ByMark Newton, writer at
Movie Pilot Associate Editor. Email: [email protected]
Mark Newton

We're still a long-way off from getting close to even creating a T-800 from the original Terminator, however very small progress is being made in developing the seemingly more advanced T-1000 liquid metal Terminator! Well... Kind of...

Scientists at North Carolina State University have developed a special liquid metal which can be manipulated into various shapes before reassembling itself into its original blob. The researchers applied less than one volt of electricity to the alloy, which consists of the metals gallium and indium, therefore decreasing the surface tension and allowing the metal to flatten out and be manipulated with electrical currents. Check out the video below to see it in motion:

There is of course, a whole lot more science going on than meets the eye, and I fear my layman's explanation will simply confuse you even more - as if the science isn't already confusing enough.

Here's the official, fact-filled explanation of what's going on:

Liquid metals have very large surface tension and therefore typically adopt a spherical shape. Surfactants, like soap, can lower the interfacial tension between two dissimilar liquids (for example, water and oil), but have negligible impact on the large interfacial tensions of liquid metal. Unlike conventional surfactants, the approach here can tune the interfacial tension of a metal significantly (from ~7x that of water to near zero), rapidly, and reversibly using only modest voltages. These properties can be harnessed to induce new electrohydrodynamic phenomena for manipulating liquid metal alloys based on gallium, which may enable shape-reconfigurable metallic components in electronic, electromagnetic, and microfluidic devices without the use of toxic mercury. The results also suggest that oxides—which are ubiquitous on most metals and semiconductors—may be harnessed to lower interfacial energy between dissimilar materials.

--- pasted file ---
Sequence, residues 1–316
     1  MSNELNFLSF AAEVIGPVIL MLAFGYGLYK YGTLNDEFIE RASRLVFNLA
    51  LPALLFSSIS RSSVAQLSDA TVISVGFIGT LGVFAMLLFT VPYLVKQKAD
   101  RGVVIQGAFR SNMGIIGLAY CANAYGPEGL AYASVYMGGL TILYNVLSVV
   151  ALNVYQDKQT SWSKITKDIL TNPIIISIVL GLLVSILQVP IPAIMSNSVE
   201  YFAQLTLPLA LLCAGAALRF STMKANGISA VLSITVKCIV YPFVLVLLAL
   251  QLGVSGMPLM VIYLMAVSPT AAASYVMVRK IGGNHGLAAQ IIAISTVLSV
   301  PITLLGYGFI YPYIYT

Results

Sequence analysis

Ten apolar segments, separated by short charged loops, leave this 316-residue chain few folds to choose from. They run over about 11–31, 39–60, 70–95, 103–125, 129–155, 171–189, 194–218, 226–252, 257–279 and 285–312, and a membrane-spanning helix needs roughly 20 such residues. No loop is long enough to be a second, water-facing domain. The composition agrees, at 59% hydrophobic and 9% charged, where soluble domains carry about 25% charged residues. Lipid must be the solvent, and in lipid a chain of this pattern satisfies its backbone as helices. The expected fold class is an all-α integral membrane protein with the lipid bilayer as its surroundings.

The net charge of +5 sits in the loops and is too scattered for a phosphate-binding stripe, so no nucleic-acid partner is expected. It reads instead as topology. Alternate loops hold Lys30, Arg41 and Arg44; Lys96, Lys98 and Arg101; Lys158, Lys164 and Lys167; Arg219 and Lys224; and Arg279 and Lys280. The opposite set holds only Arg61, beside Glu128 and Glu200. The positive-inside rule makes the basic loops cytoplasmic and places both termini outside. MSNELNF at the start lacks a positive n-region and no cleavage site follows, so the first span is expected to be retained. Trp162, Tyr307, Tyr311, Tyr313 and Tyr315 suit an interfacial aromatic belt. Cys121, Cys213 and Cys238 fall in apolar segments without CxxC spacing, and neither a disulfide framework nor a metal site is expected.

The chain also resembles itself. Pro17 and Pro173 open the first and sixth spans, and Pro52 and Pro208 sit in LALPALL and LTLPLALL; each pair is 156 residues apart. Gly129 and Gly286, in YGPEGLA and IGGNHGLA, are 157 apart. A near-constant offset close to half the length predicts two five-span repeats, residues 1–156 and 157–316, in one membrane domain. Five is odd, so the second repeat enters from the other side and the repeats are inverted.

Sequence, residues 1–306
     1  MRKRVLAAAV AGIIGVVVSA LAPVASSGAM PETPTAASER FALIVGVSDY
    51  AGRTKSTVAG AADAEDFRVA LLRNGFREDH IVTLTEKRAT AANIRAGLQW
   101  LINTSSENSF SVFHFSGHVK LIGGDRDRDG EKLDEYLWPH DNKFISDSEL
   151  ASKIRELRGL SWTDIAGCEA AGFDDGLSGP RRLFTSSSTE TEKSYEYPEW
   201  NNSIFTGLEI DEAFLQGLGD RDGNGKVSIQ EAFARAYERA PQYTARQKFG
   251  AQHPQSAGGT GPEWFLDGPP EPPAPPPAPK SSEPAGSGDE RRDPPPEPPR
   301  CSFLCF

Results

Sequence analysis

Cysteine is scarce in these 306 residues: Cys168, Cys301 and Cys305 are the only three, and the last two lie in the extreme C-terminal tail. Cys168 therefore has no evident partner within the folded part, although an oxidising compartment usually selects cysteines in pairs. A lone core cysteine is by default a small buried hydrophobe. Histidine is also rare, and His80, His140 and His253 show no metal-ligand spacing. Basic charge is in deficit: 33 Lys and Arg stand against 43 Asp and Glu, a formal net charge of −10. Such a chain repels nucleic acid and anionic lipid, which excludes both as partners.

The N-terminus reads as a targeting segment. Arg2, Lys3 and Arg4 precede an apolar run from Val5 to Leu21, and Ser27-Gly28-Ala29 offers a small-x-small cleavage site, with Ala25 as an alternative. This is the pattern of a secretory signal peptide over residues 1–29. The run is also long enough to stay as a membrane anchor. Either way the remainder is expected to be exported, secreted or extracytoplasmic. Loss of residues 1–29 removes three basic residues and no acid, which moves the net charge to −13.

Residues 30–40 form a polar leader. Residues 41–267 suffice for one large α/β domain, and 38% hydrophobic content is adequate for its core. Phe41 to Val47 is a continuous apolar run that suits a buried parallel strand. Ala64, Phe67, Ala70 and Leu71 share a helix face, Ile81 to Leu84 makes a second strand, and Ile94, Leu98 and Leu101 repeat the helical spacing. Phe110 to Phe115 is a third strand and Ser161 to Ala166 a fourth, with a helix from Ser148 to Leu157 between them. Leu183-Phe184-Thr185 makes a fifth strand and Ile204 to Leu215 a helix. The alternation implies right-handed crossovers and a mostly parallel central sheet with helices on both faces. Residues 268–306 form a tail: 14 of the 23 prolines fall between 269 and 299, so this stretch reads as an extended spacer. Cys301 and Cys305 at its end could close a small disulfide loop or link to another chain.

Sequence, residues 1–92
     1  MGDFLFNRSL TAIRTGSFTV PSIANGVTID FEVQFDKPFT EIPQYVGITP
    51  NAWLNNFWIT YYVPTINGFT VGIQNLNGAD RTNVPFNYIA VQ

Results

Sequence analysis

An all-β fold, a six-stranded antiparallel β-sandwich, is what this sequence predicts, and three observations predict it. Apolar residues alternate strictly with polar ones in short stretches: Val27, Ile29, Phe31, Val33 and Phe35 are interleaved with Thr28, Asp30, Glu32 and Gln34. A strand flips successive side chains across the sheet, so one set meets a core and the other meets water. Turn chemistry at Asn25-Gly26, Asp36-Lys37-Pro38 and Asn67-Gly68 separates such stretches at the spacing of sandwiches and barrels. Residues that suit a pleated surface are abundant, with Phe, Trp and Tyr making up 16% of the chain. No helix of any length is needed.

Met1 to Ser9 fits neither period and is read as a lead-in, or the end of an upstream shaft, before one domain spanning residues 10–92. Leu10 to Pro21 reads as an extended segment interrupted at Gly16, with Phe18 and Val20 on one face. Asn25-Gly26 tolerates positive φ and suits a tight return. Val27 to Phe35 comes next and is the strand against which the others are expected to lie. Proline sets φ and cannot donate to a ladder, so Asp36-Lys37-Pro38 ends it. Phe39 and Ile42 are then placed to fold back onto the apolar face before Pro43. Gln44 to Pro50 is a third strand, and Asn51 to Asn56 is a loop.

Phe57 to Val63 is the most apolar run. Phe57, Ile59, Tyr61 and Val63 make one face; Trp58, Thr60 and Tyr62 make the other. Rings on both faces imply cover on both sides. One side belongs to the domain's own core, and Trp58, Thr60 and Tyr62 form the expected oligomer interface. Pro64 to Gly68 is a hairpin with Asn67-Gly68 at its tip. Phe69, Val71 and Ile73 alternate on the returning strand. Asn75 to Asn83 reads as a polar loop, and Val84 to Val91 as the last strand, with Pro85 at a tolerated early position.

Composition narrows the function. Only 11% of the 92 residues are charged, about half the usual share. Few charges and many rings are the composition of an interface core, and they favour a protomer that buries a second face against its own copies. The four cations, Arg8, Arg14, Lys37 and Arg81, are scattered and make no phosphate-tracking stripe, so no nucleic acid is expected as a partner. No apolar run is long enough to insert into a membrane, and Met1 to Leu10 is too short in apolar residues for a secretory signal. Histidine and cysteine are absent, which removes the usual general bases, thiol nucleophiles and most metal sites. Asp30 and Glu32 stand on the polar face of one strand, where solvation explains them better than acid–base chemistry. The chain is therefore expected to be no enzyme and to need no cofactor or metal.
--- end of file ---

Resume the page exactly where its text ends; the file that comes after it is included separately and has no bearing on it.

Oh right. Yeah, that totally all makes sense to me now...

Of course, the researchers are still along way off turning the liquid into a full-blown T-1000. For one thing, they have yet to imbue the alloy with an unstoppable desire to kill a specific child...

Fly a helicopter...

Or take a shotgun blast to the face...

Surely, it's only a matter of time?


Will we see intelligent robots in our lifetime?

Source: EliteDaily


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